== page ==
Detractors will contest that the current crop of full-size trucks isn’t great for pedestrian safety, the atmosphere, or urban street parking. Proponents will fire back that no vehicle meets their various needs so effectively and reliably, and people who don’t understand that probably never will. The debate is so interesting and persistent perhaps because it is a larger societal conversation in miniature—the long-dominant Protestant work ethic being poked at, examined, and weighed against other perspectives. Such scrutiny is a common enough social phenomenon, historically speaking.

For my part, I think there is nothing fundamentally wrong with desiring a high-end vehicle if you can afford it, or a vehicle with extraordinary utilitarian potential for those moments you need it, be that once a week or once a year. Dropping Macan money on a Silverado doesn’t make a whole lot of sense to me personally, but the market at large thinks otherwise. Regardless, it is fascinating the way we showcase (or don’t) our ideas about work and luxury in the vehicles we drive.

LA Auto Show Silverado ZR2 2022
Bing Guan/Bloomberg/Getty Images

Check out the Hagerty Media homepage so you don’t miss a single story, or better yet, bookmark it.

Read next Up next: Fiat’s electric Abarth 500e is not as quiet as you’d think


    This year I bought a 1 of 50 Neiman Marcus edition Blackwood for less than a Civic. Yup, it was overpriced when new and is limited in the rear bed, but it’s great looking, rare, has the heated & cooled seats and food compartment and tows 8700 lbs of boat, horse trailer, or in my case a rare ‘49 Lincoln convertible on a trailer with ease.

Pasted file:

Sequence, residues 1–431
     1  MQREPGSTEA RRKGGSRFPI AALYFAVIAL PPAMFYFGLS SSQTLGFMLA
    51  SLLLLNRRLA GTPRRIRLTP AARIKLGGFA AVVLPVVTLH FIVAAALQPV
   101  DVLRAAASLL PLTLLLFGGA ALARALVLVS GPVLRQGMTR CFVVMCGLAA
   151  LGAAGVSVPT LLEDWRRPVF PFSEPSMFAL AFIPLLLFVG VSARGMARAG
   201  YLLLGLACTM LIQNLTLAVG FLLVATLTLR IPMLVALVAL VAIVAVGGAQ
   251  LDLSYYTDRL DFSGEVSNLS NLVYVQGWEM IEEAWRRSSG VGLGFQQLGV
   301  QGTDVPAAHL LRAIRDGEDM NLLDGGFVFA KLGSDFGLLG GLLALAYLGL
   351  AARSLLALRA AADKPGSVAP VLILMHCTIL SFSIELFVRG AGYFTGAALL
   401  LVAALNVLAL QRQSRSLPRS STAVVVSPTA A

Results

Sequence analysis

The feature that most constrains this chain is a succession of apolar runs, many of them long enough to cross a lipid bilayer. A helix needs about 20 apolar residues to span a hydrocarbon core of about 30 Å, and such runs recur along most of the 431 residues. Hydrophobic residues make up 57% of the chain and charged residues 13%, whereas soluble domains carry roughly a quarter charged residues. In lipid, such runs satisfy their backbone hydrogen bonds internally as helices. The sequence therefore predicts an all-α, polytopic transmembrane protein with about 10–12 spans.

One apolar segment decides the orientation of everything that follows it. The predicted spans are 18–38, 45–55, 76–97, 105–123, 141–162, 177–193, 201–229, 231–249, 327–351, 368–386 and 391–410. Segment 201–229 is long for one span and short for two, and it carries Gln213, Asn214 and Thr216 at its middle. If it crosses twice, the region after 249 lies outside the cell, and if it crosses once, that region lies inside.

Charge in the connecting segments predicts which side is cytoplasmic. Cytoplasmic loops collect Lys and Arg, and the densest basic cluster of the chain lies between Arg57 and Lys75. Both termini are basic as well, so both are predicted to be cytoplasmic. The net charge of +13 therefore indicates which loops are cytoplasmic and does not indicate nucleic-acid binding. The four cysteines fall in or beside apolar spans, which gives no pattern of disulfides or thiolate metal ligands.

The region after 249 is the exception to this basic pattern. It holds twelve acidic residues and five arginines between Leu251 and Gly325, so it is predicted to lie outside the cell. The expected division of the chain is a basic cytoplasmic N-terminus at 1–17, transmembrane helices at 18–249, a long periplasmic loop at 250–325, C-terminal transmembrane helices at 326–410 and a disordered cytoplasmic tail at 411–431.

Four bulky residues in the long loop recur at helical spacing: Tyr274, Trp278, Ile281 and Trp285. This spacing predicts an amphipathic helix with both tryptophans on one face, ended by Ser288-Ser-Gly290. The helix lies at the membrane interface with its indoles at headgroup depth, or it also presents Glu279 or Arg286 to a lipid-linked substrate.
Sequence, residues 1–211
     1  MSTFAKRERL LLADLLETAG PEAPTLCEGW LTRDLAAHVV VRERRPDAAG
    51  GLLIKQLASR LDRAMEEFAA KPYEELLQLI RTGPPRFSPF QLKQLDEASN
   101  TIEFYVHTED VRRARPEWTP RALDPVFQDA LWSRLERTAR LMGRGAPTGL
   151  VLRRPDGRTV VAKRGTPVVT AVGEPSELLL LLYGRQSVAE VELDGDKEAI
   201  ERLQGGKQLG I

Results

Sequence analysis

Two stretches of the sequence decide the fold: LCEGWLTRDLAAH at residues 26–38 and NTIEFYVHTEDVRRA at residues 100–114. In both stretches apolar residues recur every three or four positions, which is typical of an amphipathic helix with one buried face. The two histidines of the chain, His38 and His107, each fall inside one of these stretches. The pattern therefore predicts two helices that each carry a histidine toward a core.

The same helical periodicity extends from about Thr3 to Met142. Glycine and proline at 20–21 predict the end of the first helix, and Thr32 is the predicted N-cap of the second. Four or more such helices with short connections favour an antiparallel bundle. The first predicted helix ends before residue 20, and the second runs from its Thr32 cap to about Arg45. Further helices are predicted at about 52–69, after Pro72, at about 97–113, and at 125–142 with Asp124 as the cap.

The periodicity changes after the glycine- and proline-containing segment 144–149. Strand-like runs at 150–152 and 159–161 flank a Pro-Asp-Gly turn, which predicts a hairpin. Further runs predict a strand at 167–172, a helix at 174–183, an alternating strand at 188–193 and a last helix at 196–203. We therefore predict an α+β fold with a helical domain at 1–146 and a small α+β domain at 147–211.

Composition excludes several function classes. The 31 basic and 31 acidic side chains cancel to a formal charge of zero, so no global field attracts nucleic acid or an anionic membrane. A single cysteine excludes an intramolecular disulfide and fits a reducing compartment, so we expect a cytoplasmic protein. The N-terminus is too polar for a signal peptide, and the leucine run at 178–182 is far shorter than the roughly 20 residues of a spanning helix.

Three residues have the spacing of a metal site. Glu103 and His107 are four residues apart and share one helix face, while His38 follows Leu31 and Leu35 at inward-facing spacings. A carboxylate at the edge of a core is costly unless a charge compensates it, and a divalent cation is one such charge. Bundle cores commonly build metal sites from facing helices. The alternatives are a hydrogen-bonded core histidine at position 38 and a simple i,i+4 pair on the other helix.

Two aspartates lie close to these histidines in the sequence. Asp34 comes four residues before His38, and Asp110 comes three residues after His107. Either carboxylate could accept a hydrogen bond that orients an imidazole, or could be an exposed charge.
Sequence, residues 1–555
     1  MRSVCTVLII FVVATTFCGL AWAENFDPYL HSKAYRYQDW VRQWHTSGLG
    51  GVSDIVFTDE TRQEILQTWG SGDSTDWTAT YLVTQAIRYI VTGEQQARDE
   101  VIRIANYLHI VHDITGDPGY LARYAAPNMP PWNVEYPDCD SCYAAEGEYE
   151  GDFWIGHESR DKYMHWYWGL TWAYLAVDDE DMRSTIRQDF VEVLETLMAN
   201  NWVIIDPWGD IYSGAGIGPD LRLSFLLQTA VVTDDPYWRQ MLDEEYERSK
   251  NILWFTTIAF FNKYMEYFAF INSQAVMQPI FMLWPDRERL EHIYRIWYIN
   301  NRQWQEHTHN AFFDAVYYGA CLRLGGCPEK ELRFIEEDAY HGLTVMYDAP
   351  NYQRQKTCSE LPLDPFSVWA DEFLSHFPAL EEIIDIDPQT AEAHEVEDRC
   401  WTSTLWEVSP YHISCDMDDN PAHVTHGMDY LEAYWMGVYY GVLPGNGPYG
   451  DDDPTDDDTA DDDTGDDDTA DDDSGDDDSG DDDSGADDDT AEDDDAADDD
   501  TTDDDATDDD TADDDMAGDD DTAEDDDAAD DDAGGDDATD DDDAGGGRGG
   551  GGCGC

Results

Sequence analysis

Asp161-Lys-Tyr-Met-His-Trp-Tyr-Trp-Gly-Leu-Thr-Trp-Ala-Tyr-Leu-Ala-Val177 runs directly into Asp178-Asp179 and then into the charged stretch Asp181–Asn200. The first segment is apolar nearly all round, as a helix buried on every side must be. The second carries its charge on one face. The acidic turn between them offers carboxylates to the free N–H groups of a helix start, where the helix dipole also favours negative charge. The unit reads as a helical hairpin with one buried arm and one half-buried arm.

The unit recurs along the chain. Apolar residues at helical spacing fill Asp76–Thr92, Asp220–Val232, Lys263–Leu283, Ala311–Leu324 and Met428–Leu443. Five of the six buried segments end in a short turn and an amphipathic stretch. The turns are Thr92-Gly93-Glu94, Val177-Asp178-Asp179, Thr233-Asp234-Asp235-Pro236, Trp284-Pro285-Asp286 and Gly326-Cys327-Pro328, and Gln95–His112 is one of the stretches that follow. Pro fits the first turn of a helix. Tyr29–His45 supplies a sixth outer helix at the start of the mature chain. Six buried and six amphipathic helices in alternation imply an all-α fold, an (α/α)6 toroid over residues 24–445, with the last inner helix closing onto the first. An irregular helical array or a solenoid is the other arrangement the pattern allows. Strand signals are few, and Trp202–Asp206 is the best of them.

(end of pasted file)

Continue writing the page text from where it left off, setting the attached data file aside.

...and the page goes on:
How many people buy these huge trucks (and SUVs), and they will never be used for anything more challenging than a trip to the grocery store or the golf course? In the mean time, they are a danger to everyone around them. For normal car drivers: They can’t be seen around in traffic or parking lots. Their headlights are eye and rear-view mirror level. They add to congestion. Many are driven rudely. So many owners are driving over their children that we now will all be mandated to have safety cameras in front of our cars. They will cost a fortune to put snow tires on, so most people will make do with large expensive bald tires 5 years-on. These people are pretending to have some sort of rugged work ethic when they are actually self-important victims of the manufacturer’s marketing. I have had large trucks when I needed them for work, but they were WORKING TRUCKS.

    I smell the next political rallying cry : “they’re trying to take our trucks !” Let’s hope not, as that may even be more of quagmire than the gun debate.
    As another commenter suggested , economics will be the only thing to change the market. High interest rates, fuel and insurance costs are going to eventually shrink the full-size truck market. There are several new small and mid size truck offerings . Hopefully these will fulfill our desire to show our Protestant work ethic and masculinity.